According to the latest quarterly report from the National Association of REALTORS® (NAR®), 91 percent of large metro areas saw an increase in home prices over the past year. Nationally, the median home price now stands at $279,600, a 4.3 percent gain year-over-year. However, NAR also reported that inventory remains low in the most sought-after price ranges, resulting in a 2.2 percent drop in the total number of sales over the past year. According to the report, 1.93 million homes were on the market in the second quarter this year, a 4.4 month supply.
Tight inventory continues to add fuel to asking prices, making it difficult for some buyers to find affordable homes. The latest report notes that the gap is growing between household income and home prices: In the second quarter, household incomes rose to a national median average of $78,366, but houses appreciated even faster, keeping homes out of reach for many buyers despite a steady economy and a drop in lending rates. Unaffordability is beginning to drive prices down in pricier markets such as San Jose (down 5.3 percent), San Francisco (down 1.9 percent), and Honolulu (down 1.2 percent). But the hottest markets—Boise, ID; Burlington, VT; Columbia, MO—are still showing double-digit price appreciation.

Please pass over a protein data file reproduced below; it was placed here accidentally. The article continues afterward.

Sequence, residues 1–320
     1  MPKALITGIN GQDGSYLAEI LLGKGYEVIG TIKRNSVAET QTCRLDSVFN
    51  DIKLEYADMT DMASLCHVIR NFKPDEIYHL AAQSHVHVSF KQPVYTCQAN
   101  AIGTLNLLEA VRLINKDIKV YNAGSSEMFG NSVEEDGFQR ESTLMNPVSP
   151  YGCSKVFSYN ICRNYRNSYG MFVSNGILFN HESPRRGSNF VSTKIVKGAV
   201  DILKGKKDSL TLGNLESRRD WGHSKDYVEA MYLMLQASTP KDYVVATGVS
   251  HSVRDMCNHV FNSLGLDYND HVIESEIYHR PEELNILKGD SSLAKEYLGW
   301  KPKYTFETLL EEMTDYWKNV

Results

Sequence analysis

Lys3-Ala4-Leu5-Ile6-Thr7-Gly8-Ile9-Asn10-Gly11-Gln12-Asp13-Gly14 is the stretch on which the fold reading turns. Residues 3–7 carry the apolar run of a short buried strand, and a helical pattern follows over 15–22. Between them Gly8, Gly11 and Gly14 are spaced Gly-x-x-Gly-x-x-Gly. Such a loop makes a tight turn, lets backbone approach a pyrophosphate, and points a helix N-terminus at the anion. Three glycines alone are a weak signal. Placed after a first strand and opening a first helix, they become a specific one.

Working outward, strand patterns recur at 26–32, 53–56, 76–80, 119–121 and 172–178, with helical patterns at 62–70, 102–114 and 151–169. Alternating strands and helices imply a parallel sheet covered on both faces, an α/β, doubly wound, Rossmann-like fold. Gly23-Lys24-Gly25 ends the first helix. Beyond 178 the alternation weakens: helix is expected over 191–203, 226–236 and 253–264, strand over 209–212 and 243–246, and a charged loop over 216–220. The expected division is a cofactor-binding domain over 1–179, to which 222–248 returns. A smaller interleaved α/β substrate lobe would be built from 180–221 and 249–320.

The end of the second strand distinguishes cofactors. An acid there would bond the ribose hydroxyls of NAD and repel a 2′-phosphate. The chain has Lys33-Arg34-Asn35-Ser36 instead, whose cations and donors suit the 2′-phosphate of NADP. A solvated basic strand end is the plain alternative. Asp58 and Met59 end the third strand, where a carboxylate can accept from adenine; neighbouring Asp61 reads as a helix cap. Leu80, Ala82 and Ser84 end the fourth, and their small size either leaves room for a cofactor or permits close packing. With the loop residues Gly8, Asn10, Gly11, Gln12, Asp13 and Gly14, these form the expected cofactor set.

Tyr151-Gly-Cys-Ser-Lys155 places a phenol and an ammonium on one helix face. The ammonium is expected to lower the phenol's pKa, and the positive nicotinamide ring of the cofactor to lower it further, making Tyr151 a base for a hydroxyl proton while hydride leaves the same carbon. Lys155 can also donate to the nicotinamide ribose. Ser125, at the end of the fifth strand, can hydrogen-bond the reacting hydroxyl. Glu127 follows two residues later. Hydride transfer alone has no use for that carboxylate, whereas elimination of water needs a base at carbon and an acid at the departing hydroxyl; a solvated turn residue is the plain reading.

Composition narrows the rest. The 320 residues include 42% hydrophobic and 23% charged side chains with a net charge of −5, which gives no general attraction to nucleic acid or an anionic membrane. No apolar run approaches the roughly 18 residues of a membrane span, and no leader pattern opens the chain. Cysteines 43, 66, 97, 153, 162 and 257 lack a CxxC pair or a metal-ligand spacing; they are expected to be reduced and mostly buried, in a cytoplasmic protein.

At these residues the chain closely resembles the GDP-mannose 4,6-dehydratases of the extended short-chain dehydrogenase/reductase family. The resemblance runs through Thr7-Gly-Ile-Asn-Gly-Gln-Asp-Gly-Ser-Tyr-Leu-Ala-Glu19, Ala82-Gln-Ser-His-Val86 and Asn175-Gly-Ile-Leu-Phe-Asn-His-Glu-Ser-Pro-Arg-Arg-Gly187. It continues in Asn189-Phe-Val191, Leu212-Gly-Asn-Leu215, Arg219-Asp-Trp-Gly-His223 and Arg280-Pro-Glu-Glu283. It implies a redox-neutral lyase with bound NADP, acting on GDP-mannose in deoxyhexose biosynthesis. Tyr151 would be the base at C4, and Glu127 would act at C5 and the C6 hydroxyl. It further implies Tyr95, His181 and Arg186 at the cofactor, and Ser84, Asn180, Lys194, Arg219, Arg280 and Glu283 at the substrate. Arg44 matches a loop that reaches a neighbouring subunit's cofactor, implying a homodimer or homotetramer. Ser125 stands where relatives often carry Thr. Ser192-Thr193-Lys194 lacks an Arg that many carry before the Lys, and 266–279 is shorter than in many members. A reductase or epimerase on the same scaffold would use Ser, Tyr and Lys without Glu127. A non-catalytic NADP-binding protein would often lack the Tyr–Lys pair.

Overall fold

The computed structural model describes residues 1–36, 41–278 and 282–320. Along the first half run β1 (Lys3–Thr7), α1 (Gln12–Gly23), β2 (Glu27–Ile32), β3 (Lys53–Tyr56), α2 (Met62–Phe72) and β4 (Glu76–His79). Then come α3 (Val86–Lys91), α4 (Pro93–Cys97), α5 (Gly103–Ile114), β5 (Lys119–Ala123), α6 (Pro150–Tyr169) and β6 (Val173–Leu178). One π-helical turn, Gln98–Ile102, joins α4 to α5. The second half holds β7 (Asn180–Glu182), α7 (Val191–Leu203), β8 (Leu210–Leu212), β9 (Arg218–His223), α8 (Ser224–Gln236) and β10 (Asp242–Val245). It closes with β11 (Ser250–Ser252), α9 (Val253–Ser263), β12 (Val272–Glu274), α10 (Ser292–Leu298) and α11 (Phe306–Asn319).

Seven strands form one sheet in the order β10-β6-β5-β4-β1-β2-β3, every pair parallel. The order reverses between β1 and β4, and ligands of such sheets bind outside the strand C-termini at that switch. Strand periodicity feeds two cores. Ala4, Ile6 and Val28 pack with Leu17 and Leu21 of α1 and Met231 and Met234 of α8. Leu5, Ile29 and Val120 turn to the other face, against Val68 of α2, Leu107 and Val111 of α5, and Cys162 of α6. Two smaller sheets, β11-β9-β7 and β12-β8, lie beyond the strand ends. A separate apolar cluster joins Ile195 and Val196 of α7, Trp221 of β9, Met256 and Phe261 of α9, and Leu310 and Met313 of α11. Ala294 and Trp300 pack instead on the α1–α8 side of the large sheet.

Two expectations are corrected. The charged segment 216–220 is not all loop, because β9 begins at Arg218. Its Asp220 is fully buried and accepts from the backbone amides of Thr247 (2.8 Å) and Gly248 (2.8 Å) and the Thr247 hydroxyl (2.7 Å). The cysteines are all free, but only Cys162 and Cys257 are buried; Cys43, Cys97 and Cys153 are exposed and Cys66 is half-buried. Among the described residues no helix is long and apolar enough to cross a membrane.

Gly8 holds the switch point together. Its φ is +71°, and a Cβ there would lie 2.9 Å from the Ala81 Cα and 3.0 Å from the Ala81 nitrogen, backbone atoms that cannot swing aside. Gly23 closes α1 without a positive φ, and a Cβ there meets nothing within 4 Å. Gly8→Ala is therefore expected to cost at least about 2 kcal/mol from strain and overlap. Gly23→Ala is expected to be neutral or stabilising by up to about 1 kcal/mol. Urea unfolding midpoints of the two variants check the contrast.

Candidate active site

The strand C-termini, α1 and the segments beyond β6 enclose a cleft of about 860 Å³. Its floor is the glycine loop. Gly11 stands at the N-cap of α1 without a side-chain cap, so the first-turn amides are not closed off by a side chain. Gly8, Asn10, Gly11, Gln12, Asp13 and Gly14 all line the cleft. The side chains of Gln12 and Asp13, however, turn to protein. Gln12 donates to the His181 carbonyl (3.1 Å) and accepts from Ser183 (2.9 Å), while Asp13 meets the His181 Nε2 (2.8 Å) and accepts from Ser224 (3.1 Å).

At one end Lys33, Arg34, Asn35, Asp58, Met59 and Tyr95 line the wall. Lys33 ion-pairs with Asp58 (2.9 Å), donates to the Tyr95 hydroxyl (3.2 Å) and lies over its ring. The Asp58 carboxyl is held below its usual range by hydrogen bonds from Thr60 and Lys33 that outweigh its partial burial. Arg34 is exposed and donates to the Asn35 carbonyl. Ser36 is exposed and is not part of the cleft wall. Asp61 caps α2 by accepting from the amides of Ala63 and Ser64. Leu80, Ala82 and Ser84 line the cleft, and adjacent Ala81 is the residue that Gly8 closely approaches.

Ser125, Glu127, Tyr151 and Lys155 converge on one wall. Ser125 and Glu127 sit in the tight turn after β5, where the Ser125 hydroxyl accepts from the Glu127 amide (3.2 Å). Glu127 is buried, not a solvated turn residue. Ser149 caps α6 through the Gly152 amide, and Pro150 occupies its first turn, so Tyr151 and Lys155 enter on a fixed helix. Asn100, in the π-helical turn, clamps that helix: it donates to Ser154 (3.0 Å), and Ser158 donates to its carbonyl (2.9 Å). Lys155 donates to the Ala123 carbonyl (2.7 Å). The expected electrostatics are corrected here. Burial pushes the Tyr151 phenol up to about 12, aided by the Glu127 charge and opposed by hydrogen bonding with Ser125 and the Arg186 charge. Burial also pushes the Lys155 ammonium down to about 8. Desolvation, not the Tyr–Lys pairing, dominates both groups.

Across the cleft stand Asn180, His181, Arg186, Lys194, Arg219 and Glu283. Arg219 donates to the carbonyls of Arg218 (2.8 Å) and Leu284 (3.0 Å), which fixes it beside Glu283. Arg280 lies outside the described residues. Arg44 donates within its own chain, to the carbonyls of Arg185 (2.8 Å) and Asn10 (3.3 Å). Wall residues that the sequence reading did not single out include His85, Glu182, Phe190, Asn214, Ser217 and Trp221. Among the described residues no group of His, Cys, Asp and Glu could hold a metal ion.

The NAR report cites several factors that affect affordability. “New-home construction is greatly needed; however, home construction fell in the first half of the year,” said Lawrence Yun, chief economist at NAR. “This leads to continuing tight inventory conditions, especially at more affordable price points. Home prices are mildly reaccelerating as a result.” Yun also points to other factors that affect the complicated math of real estate investing. “The exceptionally low mortgage rates will help with housing affordability over the short run, but if the low interest rates are due to weakening economic confidence, as reflected from a correction in the stock market, then the low rates will not help with job growth and will eventually hinder homebuying and home construction,” he says